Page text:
The show started at 7, but it was unfortunately cut short, right?

Yeah. LAPD had helicopters and over 30 police cars shut down the block. Kids were taking the prints off the wall. I had to leave early, because security was grabbing me. Overall it was a success and I'm ready to do more. Miami next.

How do you feel about people taking stuff like that?

There was such a feeling of community there — basically what's mine is yours. And that's why people were taking the clothes that I handmade after the show. In the end, the back of my head is like, “I don't even have this stuff priced, people just wanted it that badly.” You can take it and wear it and support it, because I love you guys for supporting Sacrificed Studios. It's what I'm putting all my effort into right now.

Would you call this your debut?

It was my debut for sure, but there was more to the show. I hosted it to prove that young kids could do what I'm doing. I left school and did something different from what you're “supposed to do.” I took a different path, and it's working. If people say that you can’t do something, you can, they're just hating on you.

What's your connection to Michèle Lamy and how did you get started with photography?

I got started with photography from my family. My mom was an artist when I was growing up and she’d always have me taking pictures or she’d be painting. I reached out to Michèle to do a shoot. She's my mentor and one of the best people I know. We kept in contact and she ended up coming to the gallery show. She's so likable, loving, and welcoming, and I could tell that she just wants to see me succeed.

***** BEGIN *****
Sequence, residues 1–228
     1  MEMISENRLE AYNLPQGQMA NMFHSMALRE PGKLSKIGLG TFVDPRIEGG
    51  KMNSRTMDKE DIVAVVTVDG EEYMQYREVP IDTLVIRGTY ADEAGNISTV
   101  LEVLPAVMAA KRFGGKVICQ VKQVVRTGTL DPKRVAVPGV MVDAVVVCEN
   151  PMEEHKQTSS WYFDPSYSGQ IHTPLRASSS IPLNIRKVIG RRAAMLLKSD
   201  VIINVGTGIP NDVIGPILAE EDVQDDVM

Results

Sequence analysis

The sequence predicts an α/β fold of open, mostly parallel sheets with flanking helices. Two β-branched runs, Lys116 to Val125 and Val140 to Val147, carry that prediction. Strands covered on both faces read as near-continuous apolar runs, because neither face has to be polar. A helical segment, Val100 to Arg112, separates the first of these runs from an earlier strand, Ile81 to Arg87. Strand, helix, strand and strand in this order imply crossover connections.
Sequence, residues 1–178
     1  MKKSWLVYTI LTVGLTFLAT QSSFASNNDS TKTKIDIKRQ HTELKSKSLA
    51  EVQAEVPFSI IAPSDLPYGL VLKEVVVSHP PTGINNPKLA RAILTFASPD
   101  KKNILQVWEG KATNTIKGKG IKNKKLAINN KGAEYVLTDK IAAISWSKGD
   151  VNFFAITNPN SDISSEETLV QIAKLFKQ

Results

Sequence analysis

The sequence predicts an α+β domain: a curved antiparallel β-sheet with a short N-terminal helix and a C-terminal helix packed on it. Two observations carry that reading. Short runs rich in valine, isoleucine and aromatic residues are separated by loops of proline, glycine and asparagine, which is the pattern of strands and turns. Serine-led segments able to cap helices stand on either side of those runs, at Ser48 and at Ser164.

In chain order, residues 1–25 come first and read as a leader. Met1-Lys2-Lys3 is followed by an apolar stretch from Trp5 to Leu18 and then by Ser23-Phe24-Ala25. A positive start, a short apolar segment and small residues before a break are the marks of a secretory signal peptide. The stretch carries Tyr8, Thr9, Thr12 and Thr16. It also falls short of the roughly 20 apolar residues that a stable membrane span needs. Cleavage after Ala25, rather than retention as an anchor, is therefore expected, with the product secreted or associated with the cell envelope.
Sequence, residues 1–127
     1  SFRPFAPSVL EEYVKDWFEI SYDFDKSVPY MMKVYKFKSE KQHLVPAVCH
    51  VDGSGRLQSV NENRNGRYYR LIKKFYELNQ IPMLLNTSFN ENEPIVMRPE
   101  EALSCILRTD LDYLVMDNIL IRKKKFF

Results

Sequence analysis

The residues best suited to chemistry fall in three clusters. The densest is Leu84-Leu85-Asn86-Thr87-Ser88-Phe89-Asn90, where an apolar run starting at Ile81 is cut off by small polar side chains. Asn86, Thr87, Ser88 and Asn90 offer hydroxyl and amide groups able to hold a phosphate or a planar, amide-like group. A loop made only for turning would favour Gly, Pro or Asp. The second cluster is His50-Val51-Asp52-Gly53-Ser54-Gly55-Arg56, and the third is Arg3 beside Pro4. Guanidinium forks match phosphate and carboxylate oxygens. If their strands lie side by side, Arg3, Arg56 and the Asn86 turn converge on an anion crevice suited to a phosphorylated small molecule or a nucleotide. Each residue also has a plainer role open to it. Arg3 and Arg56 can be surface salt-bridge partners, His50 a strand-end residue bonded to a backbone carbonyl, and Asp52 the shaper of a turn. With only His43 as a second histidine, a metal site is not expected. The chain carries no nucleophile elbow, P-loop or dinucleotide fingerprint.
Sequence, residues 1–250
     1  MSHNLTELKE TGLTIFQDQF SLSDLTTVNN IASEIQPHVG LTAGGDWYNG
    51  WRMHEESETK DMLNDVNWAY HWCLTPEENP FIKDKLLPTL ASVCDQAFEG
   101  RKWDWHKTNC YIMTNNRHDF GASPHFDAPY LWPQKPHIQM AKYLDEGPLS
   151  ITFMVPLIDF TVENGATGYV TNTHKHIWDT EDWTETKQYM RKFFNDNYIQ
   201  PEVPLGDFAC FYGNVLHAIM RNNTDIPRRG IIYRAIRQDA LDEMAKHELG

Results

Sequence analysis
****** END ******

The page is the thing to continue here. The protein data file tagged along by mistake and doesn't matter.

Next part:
You say Sacrificed Studios is a photography company, but with cosigns from the likes of Michèle and Bans, it seems like it's bigger than photos. What does Sacrificed Studios mean to you?

Sacrificed Studios is a collective photography company. The name Sacrificed Studios at the core basically represents me dropping out of high school at an early age and following my dream as an artist. You've got to sacrifice something to get to where you want to be.

Do you design your clothes with anything in mind?

It's been super fun being able to translate certain colors and palates from my photography. I like seeing my vision come to life on clothes and working with my team has been life-changing. I can't wait to explore so many more different and unique styles. I told my manager that I'm trying to go overseas and do cut-and-sew stuff and feel the materials; I want to do the whole thing.

Where do you see Sacrificed Studios in a few years?

I want Sacrificed Studios to be a multitude of mediums, including sculpture, architecture, and so many more: a collective to help promote the ethos behind the brand. I’m hoping to go international with locations in the next 3 years.

And after that?

I want my whole team to be happy. I want to see every single person that helped me throughout my journey be successful and I'm going to do that in any way that I can. Honestly, you guys just have to wait and see...

What To Read Next